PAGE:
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Volunteer programs and unpaid internship are useful tools — not only for companies, but also for young people seeking valuable experience. Plus, many organizations rely on volunteers to help carry out their missions. With Americans living longer, retirement does not necessarily mean that that we are going to live out our days playing bridge and walking the dog; many are looking for unpaid opportunities as a way to give back and to still be productive.

C2 recently fielded an inquiry from one of its government contracting clients who wanted to create a rotating staff of volunteers and/or interns as a way to help the company develop new talent and provide an avenue for students to gain some “on the job training”.  But as our client soon learned, setting up a legally compliant internship or volunteer program within your organization is not always easy.

 A.   Volunteers

Unfortunately, the Fair Labor Standards Act (FLSA) prohibits for-profit companies from engaging volunteers. All individuals performing work at a for-profit company must be compensated no less than minimum wage for all hours worked. Only companies falling under public service, religious or humanitarian objectives ­may engage volunteers.  For example, charities, civic organizations, hospitals, and other tax exempt, not-for-profit organizations are all able to utilize volunteers. Organizations are not required to have individuals complete any specific paper work to be a volunteer – although most do utilize a short “volunteer application” as a way of keeping track of the volunteers and the services they perform.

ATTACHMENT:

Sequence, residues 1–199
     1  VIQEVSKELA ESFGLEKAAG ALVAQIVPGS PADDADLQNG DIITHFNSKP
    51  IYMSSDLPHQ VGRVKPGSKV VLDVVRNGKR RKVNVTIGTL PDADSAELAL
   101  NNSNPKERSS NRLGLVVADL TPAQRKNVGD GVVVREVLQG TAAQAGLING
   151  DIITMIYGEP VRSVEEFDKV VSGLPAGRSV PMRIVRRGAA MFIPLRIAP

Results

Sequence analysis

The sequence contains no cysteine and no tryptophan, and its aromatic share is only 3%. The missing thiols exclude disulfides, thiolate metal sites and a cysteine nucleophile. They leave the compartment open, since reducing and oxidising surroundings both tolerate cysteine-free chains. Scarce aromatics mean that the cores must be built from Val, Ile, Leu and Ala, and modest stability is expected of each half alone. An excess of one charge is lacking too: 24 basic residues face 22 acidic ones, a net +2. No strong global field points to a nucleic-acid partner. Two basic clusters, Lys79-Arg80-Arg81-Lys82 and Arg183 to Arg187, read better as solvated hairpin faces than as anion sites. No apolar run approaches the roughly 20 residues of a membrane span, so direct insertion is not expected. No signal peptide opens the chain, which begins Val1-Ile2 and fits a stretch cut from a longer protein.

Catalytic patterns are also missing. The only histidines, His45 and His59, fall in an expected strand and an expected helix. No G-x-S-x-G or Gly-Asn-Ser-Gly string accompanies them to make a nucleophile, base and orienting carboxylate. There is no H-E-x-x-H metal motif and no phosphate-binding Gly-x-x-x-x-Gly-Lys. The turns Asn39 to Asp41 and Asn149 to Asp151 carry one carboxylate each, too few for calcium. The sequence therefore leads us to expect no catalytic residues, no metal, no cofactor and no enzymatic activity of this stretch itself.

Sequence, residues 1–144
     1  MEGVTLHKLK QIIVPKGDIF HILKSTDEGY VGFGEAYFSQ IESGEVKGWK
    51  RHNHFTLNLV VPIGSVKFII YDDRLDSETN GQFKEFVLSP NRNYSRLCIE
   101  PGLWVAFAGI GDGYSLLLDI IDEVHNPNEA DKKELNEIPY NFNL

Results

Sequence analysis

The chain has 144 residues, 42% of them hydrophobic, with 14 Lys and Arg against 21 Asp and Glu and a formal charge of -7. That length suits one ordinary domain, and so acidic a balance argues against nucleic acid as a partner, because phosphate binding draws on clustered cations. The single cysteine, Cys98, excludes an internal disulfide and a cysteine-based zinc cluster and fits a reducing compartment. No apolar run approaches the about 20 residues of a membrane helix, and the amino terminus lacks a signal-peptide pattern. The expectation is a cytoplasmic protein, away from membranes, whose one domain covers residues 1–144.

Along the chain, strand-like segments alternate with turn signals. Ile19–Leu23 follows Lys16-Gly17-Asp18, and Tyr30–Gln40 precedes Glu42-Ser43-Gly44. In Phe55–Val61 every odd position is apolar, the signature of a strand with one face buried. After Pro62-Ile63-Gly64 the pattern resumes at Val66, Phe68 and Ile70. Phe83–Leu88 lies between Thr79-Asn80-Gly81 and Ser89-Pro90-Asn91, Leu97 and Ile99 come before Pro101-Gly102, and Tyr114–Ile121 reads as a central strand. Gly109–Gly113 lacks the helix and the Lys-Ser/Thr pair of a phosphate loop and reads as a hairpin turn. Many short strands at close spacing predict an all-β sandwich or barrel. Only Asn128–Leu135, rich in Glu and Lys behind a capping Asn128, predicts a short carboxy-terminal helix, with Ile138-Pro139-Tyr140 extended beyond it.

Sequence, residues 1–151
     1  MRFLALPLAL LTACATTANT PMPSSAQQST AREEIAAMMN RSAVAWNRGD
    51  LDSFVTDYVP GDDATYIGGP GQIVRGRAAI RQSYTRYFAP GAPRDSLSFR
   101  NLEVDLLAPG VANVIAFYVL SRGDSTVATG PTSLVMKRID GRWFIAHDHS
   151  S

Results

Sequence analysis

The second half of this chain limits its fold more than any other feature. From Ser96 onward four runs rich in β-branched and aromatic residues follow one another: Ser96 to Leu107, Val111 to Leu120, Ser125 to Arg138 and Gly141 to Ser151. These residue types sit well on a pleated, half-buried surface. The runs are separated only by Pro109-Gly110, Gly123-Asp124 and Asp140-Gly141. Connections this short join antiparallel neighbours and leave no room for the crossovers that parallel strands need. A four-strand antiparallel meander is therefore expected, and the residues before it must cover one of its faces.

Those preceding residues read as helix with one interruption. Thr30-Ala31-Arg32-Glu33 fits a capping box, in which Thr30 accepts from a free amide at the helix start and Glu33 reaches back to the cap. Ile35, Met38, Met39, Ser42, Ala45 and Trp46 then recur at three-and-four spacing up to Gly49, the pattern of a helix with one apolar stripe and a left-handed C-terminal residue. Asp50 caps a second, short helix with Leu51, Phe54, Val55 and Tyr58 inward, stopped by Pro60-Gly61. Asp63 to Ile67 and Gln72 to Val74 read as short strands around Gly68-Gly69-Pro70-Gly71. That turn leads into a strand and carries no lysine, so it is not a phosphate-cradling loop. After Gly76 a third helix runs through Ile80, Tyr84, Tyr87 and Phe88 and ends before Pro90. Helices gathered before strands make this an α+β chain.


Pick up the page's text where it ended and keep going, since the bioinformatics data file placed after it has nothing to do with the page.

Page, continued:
B.  Unpaid Internships

For-profit companies, on the other hand, can lawfully utilize unpaid internships – albeit, under the right circumstances.  According to the U.S. Supreme Court, the term to “suffer or permit to work” found in the text of the FLSA does not make a person whose work serves only his or her own interest an employee of a company.  Unpaid internships are derived from this concept because, when used properly, they are primarily for the learning benefit of the intern and provide the company little to no commercial benefit. Unlike with volunteers, bringing on interns involves a good bit of analysis and should only be undertaken if the unpaid internship satisfies the following U.S. Department of Labor (DOL) criteria:

  • The internship is similar to training which would be given in an educational environment; even though it includes actual operation of the facilities of the employer;
  • The internship experience is for the benefit only of the intern;
  • The intern does not displace regular employees, but works under close supervision of existing employees of the company;
  • The company that provides the training derives no immediate advantage from the activities of the intern; and on occasion its operations could actually be impeded;
  • The intern is not necessarily entitled to a job at the company at the conclusion of the internship; and
  • The employer and the intern understand that the intern is not entitled to wages for the time spent in the internship.

If all of the factors listed above are satisfied, then a valid unpaid internship exists.  The net result (and the most important aspect for employers) is that an employment relationship does not exist under the FLSA, and the Act’s minimum wage and overtime provisions do not apply to the intern(s).